The excitement over this summer's recovery of the anchor from Blackbeard's flagship Queen Anne's Revenge might take a back seat to the discovery of an actual buried treasure. Edward Connie, plowing on his uncle's farm near Bath in the summer of 1938, uncovered what he thought might be gold. His uncle, Dallas Jordan, carried it to a jeweler who confirmed the find.
Because of the laws at the time against hoarding gold, the Secret Service became involved. Their investigation determined that the gold was indeed "discovered" on Mr. Jordan's property, a 10-acre tract he had bought 21 years earlier for $500. Before 1883, the land had belonged to Samuel B. Fisher of Winsteadville. It then passed through the hands of three lumber companies and then on to Jordan. A flood in 1932 which nearly destroyed Jordan's home, also washed away much of the topsoil and perhaps help bring buried treasure to the surface.
The area was long rumored to be the famous pirate's stomping ground, and the site of his final battle with Lieutenant Robert Maynard, commander of the sloop "Pearl."
Lieutenant Maynard met Teach, aboard his vessel "Revenge" at Ocracoke Inlet, and after the battle sailed into Bath with Blackbeard's head on his bowsprit.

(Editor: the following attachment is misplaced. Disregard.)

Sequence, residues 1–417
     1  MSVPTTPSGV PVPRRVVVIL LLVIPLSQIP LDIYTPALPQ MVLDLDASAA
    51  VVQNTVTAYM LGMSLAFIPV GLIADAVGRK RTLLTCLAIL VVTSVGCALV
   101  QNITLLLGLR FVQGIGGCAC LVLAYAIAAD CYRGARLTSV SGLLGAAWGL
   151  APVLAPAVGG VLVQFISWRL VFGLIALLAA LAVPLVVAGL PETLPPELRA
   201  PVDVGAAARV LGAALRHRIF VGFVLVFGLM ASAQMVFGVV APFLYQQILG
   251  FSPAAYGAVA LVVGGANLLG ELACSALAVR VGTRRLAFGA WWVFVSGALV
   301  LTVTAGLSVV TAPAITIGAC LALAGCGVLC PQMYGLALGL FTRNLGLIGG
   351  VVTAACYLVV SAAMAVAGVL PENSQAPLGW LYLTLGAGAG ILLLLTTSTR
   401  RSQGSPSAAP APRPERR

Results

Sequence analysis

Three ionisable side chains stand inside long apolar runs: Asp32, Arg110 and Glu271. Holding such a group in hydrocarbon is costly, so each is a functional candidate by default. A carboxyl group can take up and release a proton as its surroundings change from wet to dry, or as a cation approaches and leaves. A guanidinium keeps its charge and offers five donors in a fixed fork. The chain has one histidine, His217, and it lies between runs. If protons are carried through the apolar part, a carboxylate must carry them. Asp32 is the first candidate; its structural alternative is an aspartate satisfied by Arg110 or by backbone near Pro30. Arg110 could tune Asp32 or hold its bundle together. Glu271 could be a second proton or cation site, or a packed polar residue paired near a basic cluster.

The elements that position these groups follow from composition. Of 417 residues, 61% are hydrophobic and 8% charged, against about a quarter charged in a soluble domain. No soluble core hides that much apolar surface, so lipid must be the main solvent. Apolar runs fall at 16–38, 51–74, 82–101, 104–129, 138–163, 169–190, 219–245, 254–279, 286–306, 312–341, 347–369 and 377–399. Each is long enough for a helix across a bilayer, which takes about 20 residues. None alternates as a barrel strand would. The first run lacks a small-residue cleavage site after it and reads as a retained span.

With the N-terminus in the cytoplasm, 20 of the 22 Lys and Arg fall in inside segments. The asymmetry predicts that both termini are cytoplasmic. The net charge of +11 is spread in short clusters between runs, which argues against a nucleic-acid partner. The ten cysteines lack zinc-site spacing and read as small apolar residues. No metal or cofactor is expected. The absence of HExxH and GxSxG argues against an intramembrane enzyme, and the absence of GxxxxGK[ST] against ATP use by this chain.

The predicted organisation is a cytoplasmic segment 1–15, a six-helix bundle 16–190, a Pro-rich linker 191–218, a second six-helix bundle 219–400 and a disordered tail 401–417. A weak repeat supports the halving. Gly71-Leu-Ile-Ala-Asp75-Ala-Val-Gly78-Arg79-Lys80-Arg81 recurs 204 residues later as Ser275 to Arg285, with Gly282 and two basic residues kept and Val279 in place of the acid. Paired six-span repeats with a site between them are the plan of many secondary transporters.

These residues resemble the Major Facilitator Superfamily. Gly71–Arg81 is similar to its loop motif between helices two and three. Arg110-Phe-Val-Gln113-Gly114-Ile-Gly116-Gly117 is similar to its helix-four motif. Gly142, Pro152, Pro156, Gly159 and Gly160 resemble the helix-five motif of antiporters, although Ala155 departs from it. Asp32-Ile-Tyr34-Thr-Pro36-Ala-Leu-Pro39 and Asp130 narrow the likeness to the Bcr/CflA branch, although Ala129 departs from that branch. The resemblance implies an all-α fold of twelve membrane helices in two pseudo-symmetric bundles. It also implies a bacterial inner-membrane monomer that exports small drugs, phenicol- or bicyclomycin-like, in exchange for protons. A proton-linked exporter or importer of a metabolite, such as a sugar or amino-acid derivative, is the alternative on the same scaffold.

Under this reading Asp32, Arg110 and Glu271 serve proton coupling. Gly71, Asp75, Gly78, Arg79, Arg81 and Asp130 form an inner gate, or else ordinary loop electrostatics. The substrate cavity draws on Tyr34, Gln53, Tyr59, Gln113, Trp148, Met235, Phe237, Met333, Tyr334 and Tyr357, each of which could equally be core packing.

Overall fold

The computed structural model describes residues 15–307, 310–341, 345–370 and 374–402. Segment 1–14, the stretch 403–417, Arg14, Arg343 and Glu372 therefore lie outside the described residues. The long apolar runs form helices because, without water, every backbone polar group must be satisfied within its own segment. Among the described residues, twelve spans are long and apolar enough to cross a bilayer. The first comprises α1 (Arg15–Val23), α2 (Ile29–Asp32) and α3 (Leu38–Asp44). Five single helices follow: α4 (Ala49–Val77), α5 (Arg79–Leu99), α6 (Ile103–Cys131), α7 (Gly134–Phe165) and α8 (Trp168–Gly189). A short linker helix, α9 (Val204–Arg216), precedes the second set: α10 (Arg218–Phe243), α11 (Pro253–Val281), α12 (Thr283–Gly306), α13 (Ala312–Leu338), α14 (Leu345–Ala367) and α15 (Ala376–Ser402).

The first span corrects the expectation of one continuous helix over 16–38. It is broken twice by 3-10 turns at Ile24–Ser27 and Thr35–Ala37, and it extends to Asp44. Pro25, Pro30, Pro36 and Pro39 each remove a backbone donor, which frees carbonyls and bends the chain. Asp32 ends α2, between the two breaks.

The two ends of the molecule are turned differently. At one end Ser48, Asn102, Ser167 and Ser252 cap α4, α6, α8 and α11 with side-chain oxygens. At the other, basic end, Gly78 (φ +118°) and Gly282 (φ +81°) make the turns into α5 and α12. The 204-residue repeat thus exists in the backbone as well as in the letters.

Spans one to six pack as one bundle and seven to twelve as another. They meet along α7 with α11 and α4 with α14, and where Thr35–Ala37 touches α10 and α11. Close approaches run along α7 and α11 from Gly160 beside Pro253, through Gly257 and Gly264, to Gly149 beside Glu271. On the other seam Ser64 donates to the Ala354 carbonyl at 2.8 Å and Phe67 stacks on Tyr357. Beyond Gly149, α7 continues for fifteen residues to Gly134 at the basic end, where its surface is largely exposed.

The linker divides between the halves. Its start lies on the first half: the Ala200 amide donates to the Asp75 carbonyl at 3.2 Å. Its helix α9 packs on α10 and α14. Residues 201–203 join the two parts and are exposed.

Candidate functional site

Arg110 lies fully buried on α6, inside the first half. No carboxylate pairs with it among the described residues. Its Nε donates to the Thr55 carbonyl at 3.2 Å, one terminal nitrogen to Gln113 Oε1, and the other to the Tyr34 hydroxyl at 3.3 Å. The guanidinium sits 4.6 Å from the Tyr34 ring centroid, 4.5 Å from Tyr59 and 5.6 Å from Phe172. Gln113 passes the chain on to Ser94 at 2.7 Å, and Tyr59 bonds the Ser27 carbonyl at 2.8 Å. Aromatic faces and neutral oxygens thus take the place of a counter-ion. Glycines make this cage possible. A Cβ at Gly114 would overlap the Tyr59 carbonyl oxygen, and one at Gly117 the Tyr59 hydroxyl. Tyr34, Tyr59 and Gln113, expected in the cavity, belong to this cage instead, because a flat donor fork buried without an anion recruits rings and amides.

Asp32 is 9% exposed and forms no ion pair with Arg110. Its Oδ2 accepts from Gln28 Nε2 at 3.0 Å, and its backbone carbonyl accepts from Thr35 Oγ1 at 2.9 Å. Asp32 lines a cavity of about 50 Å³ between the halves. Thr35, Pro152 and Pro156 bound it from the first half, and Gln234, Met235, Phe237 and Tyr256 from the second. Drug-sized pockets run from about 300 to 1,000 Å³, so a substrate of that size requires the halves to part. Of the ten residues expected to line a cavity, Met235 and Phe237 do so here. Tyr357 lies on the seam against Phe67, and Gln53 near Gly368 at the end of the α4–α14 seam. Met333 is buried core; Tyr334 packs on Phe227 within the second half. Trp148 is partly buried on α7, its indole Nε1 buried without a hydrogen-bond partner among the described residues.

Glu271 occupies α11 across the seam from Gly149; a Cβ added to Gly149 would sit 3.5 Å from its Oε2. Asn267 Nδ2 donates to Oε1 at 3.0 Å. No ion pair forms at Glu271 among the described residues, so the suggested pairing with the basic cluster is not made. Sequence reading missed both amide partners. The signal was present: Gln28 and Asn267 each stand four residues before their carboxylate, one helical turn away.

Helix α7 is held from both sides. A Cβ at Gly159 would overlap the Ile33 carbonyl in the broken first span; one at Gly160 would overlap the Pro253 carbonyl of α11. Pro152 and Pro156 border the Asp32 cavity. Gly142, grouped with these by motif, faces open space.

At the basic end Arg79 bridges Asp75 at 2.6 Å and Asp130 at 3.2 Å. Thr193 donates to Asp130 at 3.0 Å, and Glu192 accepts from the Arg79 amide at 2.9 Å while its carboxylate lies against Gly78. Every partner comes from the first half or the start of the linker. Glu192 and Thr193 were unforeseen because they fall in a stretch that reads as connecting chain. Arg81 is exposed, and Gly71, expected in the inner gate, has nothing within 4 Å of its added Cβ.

Ever since then people have been looking for Blackbeard's buried treasure, for legend, if not history , placed it somewhere along the banks of the Pamlico, which Blackbeard frequented during his last days after capturing two French merchantmen and dividing the loot with the colonial secretary, Tobias Knight, at Bath.
Two months after all but two of Teach's crew were hanged, Knight died in disgrace.
Six years afterward there appeared in England a book by a "Captain Charles Johnson," relating so many intimate occurrences in Blackbeard's career, yet found to be accurate on every point that could be corroborated, that historians suspected it was by one who was either a member of the pirate crew, or who had access to Teach's papers -- which were not destroyed at his death as the pirate had planned.
The "Captain Johnson" version is the source of virtually every one of the myriad stories of the Pirate Blackbeard, and in it appears this passage:
"The night before he (Blackbeard) was killed he sat up and drank 'til the morning with some of his own men and the master of the merchantman; and ... one of the men asked him in case anything should happen to him ... whether his wife knew where he had buried his money? He answered that nobody but himself and the devil knew where it was, and the longest liver should take all." -- The News & Observer 6/26/1938
More than 200 years later, Mr. Jordan was holding what might have been some of that pirate treasure. But as it turned out, this was not the first discovery of gold in the area.
Whether he thinks there is more gold in the place or not, is his secret, but it has been learned that a relative of Jordan's wife, known as Aunt Betty Harvey, uncovered a broken ingot a quarter century ago while hoeing cotton within 300 yards of the current find, and local legend is that she sold it for $300 and then went insane. -- The News & Observer 6/25/1938.